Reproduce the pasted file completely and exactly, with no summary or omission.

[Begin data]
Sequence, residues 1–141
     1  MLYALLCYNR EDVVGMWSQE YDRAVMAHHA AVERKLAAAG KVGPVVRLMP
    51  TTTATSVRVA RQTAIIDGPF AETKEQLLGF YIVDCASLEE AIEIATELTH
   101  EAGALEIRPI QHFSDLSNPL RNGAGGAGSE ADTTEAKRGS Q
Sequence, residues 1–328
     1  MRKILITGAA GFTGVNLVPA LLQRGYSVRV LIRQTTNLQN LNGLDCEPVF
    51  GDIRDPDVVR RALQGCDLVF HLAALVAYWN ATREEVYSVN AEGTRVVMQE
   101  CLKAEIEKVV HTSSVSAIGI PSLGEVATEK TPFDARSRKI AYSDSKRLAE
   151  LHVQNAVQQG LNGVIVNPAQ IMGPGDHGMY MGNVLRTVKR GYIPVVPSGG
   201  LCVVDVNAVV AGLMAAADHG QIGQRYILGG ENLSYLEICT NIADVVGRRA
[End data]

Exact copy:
Sequence, residues 1–141
     1  MLYALLCYNR EDVVGMWSQE YDRAVMAHHA AVERKLAAAG KVGPVVRLMP
    51  TTTATSVRVA RQTAIIDGPF AETKEQLLGF YIVDCASLEE AIEIATELTH
   101  EAGALEIRPI QHFSDLSNPL RNGAGGAGSE ADTTEAKRGS Q
Sequence, residues 1–328
     1  MRKILITGAA GFTGVNLVPA LLQRGYSVRV LIRQTTNLQN LNGLDCEPVF
    51  GDIRDPDVVR RALQGCDLVF HLAALVAYWN ATREEVYSVN AEGTRVVMQE
   101  CLKAEIEKVV HTSSVSAIGI PSLGEVATEK TPFDARSRKI AYSDSKRLAE
   151  LHVQNAVQQG LNGVIVNPAQ IMGPGDHGMY MGNVLRTVKR GYIPVVPSGG
   201  LCVVDVNAVV AGLMAAADHG QIGQRYILGG ENLSYLEICT NIADVVGRRA